It wasn’t until she added regular documentation to her observations that she realized which of her twin grandsons was the instigator in some challenging interactions between the two. She cites another benefit of learning how to document: “The written information is easier to share with parents and any other organizations that are providing assistance to the children,” she says.
Early Signs of Progress
Although feedback about the program is primarily anecdotal at this point, Tsao is heartened by what she is seeing and hearing about it so far.
Positive QRIS rater feedback. QRIS raters in San Francisco have spontaneously given feedback about the FCC Pathways participants, says Tsao. “When conducting ratings, they say that they can tell which individuals have gone through our cohort.” What’s the tip-off? “For starters, they see FCC Pathways educators conducting observations year-round, rather than just during ‘DRDP season,’” she says.
In addition, QRIS raters have reported that FCC Pathways participants are able to reference the California Infant/Toddler Learning & Development Foundations, for example, and explain how they use it to engage with families and in their curriculum-planning process, says Tsao.
Seeing clearly. One ECE professional told an FCC Pathways trainer that prior to being in the cohort, she was frustrated by some of the children’s behaviors and what she saw as a lack of progress. “But after she was in the cohort for a while,” says Tsao, “she reflected, ‘I now realize that I just didn’t know what to look for. Now I can see intricacies and nuances in development that I was missing before.’”
Liu notes that she has become more reflective in her practice since participating in the cohort. “At the beginning, I didn’t think about [reflection].” But now, she says, after she conducts observations and plans her curriculum, she takes time to reflect, noting that it is an important way to help her figure out “which way to go for the next step.”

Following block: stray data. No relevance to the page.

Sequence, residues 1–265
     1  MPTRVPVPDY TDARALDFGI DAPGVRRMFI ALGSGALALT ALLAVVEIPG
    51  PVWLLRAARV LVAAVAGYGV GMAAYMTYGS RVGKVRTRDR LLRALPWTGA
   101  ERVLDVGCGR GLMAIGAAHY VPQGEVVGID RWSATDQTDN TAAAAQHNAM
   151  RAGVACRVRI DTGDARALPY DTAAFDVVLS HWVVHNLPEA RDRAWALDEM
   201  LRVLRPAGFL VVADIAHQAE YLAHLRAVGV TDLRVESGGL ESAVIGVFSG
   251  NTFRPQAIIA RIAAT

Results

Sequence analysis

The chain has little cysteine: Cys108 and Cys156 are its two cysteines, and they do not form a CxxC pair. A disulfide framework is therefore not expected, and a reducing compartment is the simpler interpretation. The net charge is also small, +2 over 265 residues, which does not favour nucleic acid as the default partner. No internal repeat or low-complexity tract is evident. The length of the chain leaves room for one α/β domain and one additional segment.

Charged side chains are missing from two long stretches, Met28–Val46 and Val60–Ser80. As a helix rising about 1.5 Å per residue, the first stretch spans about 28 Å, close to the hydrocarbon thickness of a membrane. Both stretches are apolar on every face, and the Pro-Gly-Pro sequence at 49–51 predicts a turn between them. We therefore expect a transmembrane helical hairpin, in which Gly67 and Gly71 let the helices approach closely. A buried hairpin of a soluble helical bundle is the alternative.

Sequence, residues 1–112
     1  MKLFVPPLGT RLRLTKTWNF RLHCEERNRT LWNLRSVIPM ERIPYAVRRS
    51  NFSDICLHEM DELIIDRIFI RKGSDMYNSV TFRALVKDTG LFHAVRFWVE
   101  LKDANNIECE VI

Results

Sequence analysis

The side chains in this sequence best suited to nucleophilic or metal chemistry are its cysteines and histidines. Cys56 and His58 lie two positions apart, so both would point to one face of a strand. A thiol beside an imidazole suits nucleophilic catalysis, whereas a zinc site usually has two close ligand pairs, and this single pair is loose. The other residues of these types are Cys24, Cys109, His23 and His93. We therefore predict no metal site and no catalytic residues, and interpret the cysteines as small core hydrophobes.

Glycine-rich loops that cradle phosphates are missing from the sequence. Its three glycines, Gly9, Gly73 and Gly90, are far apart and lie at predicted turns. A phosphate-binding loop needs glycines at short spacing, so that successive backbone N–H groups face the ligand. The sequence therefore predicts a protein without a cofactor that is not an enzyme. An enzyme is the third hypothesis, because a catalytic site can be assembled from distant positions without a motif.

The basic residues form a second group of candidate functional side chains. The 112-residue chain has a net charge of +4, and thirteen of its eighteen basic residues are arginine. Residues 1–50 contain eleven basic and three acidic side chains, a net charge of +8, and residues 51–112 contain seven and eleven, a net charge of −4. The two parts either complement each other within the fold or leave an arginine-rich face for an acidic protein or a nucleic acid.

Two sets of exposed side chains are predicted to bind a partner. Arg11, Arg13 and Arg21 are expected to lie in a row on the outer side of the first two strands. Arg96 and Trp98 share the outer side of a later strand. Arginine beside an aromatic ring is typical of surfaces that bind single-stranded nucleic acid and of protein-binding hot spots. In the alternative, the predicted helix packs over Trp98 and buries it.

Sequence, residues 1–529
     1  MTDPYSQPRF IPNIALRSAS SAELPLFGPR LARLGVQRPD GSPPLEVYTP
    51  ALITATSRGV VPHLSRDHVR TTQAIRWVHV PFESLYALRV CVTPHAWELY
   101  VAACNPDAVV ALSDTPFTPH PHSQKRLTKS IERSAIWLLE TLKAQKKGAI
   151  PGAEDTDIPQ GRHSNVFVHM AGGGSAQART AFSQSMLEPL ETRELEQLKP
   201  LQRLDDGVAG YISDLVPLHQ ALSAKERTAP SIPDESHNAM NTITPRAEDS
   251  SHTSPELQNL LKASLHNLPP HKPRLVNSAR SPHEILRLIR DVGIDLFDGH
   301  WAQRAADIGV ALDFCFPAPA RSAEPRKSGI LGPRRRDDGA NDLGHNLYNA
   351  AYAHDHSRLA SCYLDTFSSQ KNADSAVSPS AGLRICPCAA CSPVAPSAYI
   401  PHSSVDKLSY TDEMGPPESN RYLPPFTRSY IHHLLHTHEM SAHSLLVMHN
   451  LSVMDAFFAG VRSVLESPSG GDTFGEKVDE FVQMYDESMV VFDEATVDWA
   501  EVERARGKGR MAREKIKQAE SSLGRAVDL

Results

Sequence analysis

Next Steps on the Pathway
Recruitment has begun for the class of 2020, says Tsao, with plans for a Part 2 cohort that will drill down even further into implementation.
To refine and improve the program as it moves forward, Tsao initially “invested an incredible amount of resources to make sure our coaching team was well equipped to address participants’ needs.” She also notes that she and the coaches will continue to gather participant feedback through interviews and surveys, as well as review certain assignments from the training, in order to hone the program and “understand how participants are making a difference for the children they serve.”
Ultimately, she hopes that the training not only helps ECE professionals better support the children in their care, but also helps them become more engaged and passionate about their work.
“If you’re motivated to keep learning about child development and ensure that the children in your care can achieve their full potential, that can be an incredibly powerful retention tool — which is particularly important in a field known for high turnover. We want educators to embrace the incredible opportunity, responsibility, and privilege that comes with the job.”
For more information about the San Francisco Family Child Care Pathways Cohort, contact Catherine Tsao at 415.819.7825 or ctsao@WestEd.org.
The San Francisco Family Child Care Pathways Cohort is supported by a grant from First 5 San Francisco.